14 December 2015

The Painter's Daughter by Julie Klassen

Sophie Dupont, daughter of a portrait painter, assists her father in his studio, keeping her own artwork out of sight. She often walks the cliffside path along the north Devon coast, popular with artists and poets. It's where she met the handsome Wesley Overtree, the first man to tell her she's beautiful.

Captain Stephen Overtree is accustomed to taking on his brother's neglected duties. Home on leave, he's sent to find Wesley. Knowing his brother rented a cottage from a fellow painter, he travels to Devonshire and meets Miss Dupont, the painter's daughter. He's startled to recognize her from a miniature portrait he carries with him--one of Wesley's discarded works. But his happiness plummets when he realizes Wesley has left her with child and sailed away to Italy in search of a new muse.

Wanting to do something worthwhile with his life, Stephen proposes to Sophie. He does not offer love, or even a future together, but he can save her from scandal. If he dies in battle, as he believes he will, she'll be a respectable widow with the protection of his family.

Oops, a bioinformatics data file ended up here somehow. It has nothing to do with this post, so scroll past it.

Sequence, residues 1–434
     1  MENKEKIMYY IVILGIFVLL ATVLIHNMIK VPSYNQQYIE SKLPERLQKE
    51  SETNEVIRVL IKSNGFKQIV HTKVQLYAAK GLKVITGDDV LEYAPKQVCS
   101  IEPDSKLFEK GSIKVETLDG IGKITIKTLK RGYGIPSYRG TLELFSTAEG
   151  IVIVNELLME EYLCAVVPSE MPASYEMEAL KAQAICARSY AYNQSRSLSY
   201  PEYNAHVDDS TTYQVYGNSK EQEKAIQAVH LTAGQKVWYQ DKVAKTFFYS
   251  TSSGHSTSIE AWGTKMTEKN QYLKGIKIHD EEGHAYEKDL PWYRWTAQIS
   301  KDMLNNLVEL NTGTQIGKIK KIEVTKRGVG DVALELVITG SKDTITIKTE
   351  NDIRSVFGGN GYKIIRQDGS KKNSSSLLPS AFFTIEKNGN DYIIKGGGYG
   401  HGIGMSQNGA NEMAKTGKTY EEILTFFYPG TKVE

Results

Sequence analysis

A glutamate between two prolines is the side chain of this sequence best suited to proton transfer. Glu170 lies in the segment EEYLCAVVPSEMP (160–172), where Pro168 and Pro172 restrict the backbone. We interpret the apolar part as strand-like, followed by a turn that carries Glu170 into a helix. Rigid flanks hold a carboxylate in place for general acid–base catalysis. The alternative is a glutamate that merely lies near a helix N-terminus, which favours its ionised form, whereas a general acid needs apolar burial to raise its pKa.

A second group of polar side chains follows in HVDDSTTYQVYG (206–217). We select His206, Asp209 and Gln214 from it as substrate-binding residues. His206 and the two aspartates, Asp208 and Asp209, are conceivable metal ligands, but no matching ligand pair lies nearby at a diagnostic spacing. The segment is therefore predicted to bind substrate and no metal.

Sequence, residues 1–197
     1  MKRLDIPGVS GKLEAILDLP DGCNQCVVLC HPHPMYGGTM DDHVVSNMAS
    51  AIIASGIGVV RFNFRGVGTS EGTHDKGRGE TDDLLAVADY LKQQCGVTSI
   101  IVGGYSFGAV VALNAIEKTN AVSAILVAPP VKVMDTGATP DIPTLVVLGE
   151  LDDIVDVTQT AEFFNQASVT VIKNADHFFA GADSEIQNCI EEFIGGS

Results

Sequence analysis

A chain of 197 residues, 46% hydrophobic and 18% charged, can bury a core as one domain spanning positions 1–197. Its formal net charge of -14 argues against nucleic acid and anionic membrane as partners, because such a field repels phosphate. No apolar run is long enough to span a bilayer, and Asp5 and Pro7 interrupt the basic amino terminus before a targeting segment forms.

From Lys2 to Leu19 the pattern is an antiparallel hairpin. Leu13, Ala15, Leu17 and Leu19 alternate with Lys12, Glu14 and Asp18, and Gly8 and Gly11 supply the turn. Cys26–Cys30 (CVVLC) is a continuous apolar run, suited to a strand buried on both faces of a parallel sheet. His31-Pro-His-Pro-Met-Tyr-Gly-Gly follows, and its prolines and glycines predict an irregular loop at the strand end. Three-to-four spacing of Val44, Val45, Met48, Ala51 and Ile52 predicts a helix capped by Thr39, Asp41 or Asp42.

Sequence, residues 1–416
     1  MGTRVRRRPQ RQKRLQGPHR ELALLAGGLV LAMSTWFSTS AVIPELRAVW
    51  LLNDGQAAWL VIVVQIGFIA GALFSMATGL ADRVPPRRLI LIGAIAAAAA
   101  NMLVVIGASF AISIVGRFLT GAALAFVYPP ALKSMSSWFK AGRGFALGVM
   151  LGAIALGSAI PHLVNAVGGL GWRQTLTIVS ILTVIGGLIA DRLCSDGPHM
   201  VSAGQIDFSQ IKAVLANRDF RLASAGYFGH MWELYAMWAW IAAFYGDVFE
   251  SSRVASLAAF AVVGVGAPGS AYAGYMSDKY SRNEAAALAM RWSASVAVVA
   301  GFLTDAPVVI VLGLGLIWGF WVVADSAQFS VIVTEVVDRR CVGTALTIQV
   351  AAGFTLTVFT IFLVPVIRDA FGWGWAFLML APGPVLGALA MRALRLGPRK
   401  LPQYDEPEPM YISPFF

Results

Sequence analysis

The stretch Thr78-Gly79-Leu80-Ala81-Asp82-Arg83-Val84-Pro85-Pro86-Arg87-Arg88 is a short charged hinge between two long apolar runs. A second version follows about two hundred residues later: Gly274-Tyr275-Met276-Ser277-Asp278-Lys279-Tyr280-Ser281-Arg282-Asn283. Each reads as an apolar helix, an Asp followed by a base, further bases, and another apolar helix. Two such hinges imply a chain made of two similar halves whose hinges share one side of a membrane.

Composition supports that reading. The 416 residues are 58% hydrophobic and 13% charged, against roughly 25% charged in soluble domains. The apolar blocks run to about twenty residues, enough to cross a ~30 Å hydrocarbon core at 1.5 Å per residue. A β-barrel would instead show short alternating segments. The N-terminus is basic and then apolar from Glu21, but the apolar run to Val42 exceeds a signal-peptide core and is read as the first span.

Desperate for a way to escape her predicament, Sophie agrees to marry a stranger and travel to his family's estate. But at Overtree Hall, her problems are just beginning. Will she regret marrying Captain Overtree when a repentant Wesley returns? Or will she find herself torn between the father of her child and her growing affection for the husband she barely knows?

I have loved every novel I have read by Julie Klassen, and her newest one, The Painter’s Daughter, is no exception. Once again, Klassen has written a fascinating historical story with a cast of dynamic characters, plenty of challenging circumstances, and encouraging spiritual growth - I simply could not put it down. Sophie Dupont makes a wonderful female protagonist, artistic and independent yet desperate, as she finds herself in a bit of predicament and impulsively marries Captain Stephen Overtree, the brother of her former love, Wesley Overtree. Her story continues from there with drama, scandal, and romance and will please any fan of Julie Klassen’s novels. I highly recommend it and can’t wait to read more from Klassen in the future.

Thanks to Bethany House, I received a copy of The Painter’s Daughter and the opportunity to provide an honest review. I was not required to write a positive review, and all the opinions I have expressed are my own.

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